Read below to find out how to minimise these risks and support your back’s natural function.
1. Exercise to avoid lifting injuries
Exercise can play a crucial role in avoiding and recovering from all kinds of back pain. Rather than avoiding weight lifting, consider adding strength training to your current fitness regime or ask for help to start a new one.
There are loads of potential benefits from strength training, including:
- Improving your spinal stability and posture
- Learning about correct body mechanics
- Increasing bone density
- Reducing your risk of future back injuries
Our physiotherapists can work with you to customise a weight training program that promotes back health. Typically, these programs combine free weights and exercise machines with bodyweight exercises.
2. Plan heavy lifts carefully
Our understanding of how best to lift heavy things is evolving. Flexing or rounding your back for light lifting jobs may not put you at risk of injury. Furthermore, it may train your spine to adapt to flexing and bending.
Although the traditional advice around ‘bent legs, straight back’ is currently being questioned, keeping a neutral or straight back it is still considered a valid technique for lifting anything heavier than you could easily lift in the gym. The contribution that lifting with a straight back makes to pain and injury prevention is less clear than it used to be.
However, combining it with the following things may help avoid pain and damage:
- Warm up before you lift
This helps prepare your joints and muscles for the hefty lifting job. Mimic the moves you’re about to make by stretching your arms overhead, gently twisting your torso, bending your knees and stretching your hamstrings and squatting.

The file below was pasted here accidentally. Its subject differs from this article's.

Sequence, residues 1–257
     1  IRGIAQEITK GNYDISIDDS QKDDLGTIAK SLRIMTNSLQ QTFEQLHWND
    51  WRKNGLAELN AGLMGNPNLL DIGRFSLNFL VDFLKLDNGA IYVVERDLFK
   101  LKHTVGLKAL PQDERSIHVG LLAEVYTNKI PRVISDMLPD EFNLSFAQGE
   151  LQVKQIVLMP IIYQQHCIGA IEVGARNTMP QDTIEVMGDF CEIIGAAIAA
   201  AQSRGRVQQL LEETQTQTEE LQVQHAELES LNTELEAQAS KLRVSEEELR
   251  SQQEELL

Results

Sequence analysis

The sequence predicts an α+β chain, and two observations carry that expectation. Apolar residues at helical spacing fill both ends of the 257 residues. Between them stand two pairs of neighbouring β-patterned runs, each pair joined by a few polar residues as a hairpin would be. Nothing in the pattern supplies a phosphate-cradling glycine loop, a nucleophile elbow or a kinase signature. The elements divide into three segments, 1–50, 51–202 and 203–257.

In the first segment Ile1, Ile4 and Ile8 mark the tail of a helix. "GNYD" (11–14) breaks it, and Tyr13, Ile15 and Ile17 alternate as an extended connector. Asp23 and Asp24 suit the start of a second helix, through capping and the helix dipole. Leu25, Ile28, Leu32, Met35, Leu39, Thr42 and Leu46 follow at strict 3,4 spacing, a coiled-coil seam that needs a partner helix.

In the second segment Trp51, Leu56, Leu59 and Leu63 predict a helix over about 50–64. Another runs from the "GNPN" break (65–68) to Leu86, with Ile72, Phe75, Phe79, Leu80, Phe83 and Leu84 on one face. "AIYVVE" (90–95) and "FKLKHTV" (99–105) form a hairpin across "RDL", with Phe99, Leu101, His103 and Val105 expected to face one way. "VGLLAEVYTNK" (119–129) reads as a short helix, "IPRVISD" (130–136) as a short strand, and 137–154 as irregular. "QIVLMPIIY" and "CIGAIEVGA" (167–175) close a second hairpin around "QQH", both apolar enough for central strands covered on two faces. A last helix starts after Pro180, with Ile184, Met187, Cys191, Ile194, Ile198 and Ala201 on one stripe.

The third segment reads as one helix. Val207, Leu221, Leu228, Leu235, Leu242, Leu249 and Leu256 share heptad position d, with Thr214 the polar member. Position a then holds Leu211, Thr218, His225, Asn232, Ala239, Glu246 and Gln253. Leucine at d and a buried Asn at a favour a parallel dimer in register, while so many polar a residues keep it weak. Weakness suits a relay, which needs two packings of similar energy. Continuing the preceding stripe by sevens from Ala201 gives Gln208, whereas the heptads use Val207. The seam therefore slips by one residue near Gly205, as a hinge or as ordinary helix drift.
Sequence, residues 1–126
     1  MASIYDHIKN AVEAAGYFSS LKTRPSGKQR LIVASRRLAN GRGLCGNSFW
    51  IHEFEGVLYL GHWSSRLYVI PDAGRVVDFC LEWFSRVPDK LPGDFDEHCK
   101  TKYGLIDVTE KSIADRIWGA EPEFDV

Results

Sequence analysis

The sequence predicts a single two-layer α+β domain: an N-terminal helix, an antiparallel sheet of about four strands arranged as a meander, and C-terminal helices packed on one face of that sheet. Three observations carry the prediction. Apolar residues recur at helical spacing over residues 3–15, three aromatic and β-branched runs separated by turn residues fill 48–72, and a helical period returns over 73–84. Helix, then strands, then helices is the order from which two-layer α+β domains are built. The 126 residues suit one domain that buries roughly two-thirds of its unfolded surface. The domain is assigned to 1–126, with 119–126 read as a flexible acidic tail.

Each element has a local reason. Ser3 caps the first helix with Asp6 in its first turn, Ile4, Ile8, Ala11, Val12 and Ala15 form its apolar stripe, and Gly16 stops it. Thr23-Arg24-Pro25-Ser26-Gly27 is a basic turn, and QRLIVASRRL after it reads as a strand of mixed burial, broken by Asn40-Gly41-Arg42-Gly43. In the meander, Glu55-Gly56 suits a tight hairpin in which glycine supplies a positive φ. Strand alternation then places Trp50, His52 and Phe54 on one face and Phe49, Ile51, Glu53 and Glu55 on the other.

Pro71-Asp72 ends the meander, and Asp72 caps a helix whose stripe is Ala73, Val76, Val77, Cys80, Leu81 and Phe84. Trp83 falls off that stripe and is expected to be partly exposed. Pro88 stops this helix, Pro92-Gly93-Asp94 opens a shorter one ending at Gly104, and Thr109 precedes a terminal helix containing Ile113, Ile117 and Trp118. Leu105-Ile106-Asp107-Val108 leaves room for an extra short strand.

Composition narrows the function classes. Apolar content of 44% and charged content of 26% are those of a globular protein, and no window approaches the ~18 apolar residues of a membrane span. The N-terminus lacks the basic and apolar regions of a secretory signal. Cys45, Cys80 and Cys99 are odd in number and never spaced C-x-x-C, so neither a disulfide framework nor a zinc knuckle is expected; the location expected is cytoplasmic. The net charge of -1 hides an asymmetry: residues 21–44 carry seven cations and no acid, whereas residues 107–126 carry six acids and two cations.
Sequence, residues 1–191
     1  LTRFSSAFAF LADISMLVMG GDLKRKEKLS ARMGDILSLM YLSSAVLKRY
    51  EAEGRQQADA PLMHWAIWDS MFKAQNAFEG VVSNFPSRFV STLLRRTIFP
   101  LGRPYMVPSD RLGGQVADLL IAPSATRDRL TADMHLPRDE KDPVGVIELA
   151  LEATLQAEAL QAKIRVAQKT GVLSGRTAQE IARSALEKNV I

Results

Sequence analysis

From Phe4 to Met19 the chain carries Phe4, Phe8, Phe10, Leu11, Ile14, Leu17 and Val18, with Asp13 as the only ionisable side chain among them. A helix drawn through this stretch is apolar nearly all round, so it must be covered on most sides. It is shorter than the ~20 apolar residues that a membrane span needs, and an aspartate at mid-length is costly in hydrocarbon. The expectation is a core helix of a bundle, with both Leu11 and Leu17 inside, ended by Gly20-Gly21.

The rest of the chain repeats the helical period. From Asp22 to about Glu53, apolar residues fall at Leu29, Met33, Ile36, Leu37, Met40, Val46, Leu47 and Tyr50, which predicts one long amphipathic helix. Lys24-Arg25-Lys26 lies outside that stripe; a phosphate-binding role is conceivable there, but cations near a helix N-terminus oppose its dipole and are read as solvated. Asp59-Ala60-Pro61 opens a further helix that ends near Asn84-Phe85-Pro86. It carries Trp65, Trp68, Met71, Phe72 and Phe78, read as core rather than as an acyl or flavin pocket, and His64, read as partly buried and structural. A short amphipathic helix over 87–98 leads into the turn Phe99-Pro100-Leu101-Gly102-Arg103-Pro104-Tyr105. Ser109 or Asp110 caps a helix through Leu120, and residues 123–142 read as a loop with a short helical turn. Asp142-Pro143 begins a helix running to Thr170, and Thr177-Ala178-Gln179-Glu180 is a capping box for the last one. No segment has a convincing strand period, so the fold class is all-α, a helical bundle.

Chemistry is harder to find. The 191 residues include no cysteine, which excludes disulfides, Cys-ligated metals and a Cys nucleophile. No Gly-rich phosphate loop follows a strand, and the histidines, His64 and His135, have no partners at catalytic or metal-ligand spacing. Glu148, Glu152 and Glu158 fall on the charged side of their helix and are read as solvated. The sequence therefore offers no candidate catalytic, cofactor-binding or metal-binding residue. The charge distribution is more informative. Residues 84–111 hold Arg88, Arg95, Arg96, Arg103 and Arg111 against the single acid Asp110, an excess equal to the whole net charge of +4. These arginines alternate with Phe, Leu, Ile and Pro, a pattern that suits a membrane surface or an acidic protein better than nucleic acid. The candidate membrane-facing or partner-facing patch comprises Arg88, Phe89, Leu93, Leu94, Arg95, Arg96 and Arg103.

- Get as close as possible to the thing you need to lift
Get a good grip on it and try to keep it between your shoulder and waist. This helps minimise lower back strain.
- Use a wide stance
Place your feet slightly wider than your shoulders. This can help with balance and stability and using your leg strength.
- Try to keep your body centred
Twisting your spine as you lift can put pressure on your discs and increase your risk of back pain and injury.
- Remember to breathe
Holding your breath can put pressure on your abdominals and make you susceptible to injury. Breathe out as you lift then breathe in as you complete the move.
3. Visit your physio
Besides equipping you with a personalised exercise plan to help develop a strong, healthy back, your physio can assess your overall biomechanical health. They can help correct alignment and postural issues, identify and address muscle imbalances and treat the source of musculoskeletal pain.
The Brisbane Spine Clinic’s Leo Hyun and Kelvin Choi have a special interest in powerlifting and can help design and oversee weightlifting programs for people who lift for work or sport. If you would like to discuss strengthening your back for heavy lifting, book an appointment.
All information is general in nature and is not intended to be a substitute for professional advice. The Brisbane Spine Clinic can consult with you to confirm if this advice is right for you.